State parks have seen an influx of visitors over the past year as people get to know their local attractions again.
Wesley Robinson, Press Secretary for the Department of Conservation and Natural Resources, said state parks had an average of 26.6% more visitors in 2020 than the previous year.
“Much of it was in May, June and July,” he said during a telephone interview.
In 2020, the state parks welcomed 46.9 million visitors, up from 37 million in 2019. He believes much of this was caused by a pandemic as people needed a safe, healthy place to walk or hike outdoors.
“People live within 40 kilometers of a state park,” he said of the 121 facilities in the Commonwealth. “They are very close and very practical.”
He also pointed out that most of the attractions in parks are free. There are rental fees for items like campgrounds, but there are no fees to visit and enjoy the scenery.
“It’s a free resource to do what you want to do, within the park rules, which is a nice thing,” he said.
For those considering a long stay, he said book your reservations well in advance.
“The bookings for campsites are complete,” said Robinson. He encourages people to make their reservations as far in advance as possible, including days of the week. The parks are traditionally not as crowded during the week as they are on the weekends. “It’s a great way to take advantage of some of your vacation days,” he said of a quick trip to a park.
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The increase in traffic was seen in large and small parks. He said Cherry Springs in Potter County had increased traffic from 8,000 visitors in 2019 to 27,000 people.
The top five parks for visitors to visit are Presque Isle in Erie County with nearly 5 million visitors last year, followed by Pymatuning State Park in Crawford County, Prince Gallitzen, Point State Park in Pittsburgh, and Codorus State Park in York County.
“We hope it continues,” said Robinson of the trend visits. “The big thing is that the parks are for everyone. It is good that people are taking advantage of them. “
Ken Bisbee, park manager at Ohiopyle State Park, said his Fayette facility is a top state park in the Commonwealth for visitors, with 1 to 1.3 million visitors annually.
Over the past year, state parks saw a surge in visitor numbers as people sought outdoor recreation to escape the coronavirus. The park had 1.36 million people in 2020, he said, adding that the number is likely a little on the low side as park officials couldn’t use all of the traffic desks due to a construction project.
“We are a target.” He said about people looking for vacation. The park features scenic waterfalls, world-renowned white water rafting, and junctions with the Great Allegheny Passage Rail Trail.
Mike Mumau, park manager at Laurel Hill, Kooser and Laurel Ridge state parks, said visitor numbers increased over the past year. He said they had close to 600,000 visitors between the two parks in 2020, a 33% increase from the 450,000 average for most years. “It was nice to see.”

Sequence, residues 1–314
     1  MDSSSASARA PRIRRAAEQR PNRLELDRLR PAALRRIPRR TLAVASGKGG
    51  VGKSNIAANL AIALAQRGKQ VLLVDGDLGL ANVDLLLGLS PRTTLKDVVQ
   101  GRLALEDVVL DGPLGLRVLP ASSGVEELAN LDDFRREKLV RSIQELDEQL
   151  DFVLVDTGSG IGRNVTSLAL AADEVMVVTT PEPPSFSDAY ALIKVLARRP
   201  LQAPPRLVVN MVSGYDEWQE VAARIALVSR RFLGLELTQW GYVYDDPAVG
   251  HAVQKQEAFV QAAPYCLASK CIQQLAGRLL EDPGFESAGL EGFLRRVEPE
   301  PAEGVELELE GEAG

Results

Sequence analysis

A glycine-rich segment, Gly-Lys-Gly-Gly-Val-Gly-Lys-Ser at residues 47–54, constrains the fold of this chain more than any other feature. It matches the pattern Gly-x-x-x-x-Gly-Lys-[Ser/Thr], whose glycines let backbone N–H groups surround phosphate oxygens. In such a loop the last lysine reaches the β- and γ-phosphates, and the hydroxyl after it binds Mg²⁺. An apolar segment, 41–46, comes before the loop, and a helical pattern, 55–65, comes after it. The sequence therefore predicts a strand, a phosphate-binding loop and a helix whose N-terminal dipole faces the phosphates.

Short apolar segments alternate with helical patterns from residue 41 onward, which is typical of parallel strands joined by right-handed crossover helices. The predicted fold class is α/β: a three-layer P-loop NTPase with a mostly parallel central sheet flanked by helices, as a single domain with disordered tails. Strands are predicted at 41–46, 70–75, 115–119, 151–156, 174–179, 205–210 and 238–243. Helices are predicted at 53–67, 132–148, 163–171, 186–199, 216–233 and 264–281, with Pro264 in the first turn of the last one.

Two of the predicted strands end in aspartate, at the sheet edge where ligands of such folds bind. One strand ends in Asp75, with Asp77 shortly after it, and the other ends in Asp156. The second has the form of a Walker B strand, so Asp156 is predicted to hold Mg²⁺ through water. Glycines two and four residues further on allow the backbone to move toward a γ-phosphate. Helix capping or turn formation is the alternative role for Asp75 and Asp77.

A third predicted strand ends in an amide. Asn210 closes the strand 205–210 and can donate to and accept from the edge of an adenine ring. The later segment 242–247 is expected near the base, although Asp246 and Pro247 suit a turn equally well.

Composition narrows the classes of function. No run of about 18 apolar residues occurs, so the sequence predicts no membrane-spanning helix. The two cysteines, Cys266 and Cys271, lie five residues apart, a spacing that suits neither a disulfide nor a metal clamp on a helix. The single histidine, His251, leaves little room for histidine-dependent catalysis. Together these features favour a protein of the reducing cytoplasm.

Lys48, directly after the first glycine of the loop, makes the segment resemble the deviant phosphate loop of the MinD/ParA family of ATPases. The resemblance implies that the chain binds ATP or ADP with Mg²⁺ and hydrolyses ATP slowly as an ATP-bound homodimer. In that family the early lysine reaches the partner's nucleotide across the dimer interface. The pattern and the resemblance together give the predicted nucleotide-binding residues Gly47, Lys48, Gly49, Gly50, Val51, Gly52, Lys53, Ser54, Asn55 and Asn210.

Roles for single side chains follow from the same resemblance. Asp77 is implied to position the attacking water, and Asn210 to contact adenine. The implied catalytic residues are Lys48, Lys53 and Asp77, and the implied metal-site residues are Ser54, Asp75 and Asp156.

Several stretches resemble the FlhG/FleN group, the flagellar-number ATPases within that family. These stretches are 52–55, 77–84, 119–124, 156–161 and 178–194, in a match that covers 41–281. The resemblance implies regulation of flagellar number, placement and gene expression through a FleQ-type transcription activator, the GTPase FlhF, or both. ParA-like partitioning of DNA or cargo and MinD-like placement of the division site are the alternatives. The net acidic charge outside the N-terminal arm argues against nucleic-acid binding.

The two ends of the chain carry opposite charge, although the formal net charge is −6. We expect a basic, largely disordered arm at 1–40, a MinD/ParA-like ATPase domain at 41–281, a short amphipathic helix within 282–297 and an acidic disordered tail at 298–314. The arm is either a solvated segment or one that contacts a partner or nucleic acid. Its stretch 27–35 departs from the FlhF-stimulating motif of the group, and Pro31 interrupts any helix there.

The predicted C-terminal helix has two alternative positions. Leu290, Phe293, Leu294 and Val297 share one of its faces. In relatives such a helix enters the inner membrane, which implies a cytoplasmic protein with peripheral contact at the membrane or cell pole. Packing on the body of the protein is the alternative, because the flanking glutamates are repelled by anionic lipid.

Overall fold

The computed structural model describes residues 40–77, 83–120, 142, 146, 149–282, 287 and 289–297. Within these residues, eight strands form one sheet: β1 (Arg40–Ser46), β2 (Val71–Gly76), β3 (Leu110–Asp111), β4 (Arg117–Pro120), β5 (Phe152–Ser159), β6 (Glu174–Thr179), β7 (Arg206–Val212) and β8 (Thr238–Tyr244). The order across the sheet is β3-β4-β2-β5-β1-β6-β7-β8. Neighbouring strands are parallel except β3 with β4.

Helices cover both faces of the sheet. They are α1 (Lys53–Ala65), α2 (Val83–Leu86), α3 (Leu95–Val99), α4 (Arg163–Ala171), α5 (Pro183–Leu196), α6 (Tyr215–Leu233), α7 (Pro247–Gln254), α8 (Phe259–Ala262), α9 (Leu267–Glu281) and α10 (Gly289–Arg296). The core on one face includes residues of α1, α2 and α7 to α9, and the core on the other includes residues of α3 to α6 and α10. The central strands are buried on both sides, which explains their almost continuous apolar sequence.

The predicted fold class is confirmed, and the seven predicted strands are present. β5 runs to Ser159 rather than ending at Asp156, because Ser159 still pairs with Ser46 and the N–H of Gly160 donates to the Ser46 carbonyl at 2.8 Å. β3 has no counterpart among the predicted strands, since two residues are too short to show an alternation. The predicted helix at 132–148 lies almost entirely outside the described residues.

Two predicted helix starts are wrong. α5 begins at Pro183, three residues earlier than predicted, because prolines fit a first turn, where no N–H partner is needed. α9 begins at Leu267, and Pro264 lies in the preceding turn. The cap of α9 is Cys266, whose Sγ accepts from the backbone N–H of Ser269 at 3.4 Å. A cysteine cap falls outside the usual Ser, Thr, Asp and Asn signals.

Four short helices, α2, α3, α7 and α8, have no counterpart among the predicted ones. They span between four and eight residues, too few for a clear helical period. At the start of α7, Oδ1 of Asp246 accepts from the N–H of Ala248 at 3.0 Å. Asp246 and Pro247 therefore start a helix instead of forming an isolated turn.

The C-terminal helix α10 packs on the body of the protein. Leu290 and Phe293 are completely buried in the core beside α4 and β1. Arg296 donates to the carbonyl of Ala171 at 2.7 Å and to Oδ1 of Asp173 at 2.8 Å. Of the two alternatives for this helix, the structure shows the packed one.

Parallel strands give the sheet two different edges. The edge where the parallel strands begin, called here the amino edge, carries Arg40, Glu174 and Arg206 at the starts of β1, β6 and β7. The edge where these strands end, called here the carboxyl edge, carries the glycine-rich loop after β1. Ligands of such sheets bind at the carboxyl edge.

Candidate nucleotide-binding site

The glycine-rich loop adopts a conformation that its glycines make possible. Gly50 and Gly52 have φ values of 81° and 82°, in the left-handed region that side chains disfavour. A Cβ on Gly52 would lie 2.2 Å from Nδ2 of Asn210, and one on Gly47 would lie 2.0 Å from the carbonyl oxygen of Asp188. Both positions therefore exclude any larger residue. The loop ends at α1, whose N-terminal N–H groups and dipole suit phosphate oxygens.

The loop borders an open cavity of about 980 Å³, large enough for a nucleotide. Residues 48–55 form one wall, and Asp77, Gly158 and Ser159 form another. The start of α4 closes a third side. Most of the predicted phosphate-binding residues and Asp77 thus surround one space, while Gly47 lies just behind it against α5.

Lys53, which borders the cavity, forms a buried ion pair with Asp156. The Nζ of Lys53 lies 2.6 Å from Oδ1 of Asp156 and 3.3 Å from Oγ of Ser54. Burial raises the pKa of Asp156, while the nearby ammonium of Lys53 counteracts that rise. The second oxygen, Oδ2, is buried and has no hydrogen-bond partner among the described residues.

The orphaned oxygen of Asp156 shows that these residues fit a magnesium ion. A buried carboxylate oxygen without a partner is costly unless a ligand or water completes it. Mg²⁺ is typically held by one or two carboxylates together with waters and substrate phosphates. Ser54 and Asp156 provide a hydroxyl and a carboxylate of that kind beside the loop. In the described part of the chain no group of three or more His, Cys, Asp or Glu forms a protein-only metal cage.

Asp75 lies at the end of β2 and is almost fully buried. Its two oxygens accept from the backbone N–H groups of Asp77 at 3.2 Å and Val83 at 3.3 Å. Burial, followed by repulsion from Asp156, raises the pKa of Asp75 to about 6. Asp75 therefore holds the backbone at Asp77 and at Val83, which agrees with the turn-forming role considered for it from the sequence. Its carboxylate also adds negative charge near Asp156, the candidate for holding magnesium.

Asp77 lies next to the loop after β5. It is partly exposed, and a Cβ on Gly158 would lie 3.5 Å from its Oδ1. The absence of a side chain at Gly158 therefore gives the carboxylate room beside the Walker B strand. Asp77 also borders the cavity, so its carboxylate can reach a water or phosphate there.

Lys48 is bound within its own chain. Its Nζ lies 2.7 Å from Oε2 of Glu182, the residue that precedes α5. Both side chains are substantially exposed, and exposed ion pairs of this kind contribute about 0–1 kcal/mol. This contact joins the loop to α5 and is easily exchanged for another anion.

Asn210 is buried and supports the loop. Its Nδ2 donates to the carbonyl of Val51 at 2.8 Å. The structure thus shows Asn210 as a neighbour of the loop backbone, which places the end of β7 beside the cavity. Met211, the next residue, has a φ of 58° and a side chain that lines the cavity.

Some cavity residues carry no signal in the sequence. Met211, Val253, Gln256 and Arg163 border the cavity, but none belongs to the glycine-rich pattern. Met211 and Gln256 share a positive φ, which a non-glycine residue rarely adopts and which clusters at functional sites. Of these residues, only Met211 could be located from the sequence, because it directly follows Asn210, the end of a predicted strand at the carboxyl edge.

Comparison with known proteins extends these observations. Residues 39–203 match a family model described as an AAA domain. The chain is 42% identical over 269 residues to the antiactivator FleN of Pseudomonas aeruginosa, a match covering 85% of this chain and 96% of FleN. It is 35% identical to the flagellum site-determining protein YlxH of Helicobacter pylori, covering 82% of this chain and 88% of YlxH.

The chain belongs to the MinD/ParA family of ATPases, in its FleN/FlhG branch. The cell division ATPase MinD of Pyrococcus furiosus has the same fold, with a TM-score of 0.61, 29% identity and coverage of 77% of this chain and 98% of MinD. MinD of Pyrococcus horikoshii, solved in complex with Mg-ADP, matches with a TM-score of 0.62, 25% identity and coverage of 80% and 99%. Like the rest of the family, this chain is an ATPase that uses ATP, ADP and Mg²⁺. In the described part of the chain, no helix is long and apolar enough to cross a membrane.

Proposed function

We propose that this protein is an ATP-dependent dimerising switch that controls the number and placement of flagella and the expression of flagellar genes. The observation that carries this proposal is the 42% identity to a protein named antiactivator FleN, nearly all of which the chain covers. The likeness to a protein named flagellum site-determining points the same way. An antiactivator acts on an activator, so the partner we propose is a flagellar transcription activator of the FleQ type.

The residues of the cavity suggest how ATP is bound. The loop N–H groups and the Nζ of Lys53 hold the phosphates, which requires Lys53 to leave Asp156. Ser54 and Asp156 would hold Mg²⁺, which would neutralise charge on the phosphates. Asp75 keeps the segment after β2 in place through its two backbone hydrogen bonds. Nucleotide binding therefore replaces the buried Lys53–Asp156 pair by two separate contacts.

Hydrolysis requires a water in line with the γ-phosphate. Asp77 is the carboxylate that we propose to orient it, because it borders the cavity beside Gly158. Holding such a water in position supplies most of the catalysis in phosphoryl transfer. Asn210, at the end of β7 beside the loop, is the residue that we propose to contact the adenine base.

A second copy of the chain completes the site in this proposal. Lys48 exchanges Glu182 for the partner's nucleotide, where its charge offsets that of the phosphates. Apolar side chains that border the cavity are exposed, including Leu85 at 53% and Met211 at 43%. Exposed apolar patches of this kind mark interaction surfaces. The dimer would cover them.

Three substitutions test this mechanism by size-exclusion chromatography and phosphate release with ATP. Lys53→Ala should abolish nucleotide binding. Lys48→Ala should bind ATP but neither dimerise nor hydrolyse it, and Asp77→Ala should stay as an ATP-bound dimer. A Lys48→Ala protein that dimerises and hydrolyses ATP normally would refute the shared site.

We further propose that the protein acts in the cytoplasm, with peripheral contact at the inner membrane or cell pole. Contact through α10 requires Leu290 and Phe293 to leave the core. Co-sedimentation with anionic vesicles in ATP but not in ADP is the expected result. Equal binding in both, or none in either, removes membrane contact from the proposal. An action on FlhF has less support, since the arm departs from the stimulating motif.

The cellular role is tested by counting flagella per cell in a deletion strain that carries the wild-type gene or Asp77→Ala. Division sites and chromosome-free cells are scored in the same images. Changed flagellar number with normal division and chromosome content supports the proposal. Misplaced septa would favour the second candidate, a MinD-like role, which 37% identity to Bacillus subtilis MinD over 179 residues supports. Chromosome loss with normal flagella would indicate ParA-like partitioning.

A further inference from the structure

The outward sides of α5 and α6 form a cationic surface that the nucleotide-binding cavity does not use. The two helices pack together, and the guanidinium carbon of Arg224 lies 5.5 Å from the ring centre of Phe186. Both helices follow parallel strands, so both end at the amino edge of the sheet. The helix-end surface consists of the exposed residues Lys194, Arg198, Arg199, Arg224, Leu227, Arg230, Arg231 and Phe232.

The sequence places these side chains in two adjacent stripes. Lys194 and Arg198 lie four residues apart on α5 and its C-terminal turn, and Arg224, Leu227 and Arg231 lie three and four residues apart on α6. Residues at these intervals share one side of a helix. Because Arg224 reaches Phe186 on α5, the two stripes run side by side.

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He believes the pandemic allowed people to connect or reconnect with nature. “There’s a real appreciation for being out there and what our public land can offer.”
He said the parks have the ability to provide a safe place for families and individuals to relax at very little cost.
Matt Greene, park operations manager at Presque Isle State Park, said their attendance also increased by about 25%.
“We only got just under 1 million additional visits last year,” he said. Usually they have around 4 million visitors, but there were around 4.9 million people there last year. “We’re seeing that uptrend again this spring,” he said of higher month-to-month numbers at this point in time.
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He said it was a combination of factors.
“First and foremost,” he said, “the pandemic reintroduced people to their local parks.” With most of the events and venues closed, people took vacation home. Since Lake Erie has beaches, people traveled there for an oceanic vacation in the freshwater lake. “It’s a nice and safe thing to do as a family,” he explained.
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He added that people see the value in local parks and need places to bird watch, go boating, fishing and hiking. “You saw that better during the pandemic,” he said.
Josh Bruce, manager of Reeds Gap State Park, has been running the Mifflin County facility for about three years. “Last year was crazy,” he said of the traffic influx into the park. With COVID-19 completing so many events, people in state parks have been socially distant.
The venue is open all year round but is mostly popular during the spring, summer, and fall months, he said. The park had 39,039 visitors in 2020, up from 29,566 in 2019. It is a popular spot for picnics and gatherings in the summer.
Brian Whipkey is the Pennsylvania Outdoors columnist for Gannett. Contact him at firstname.lastname@example.org.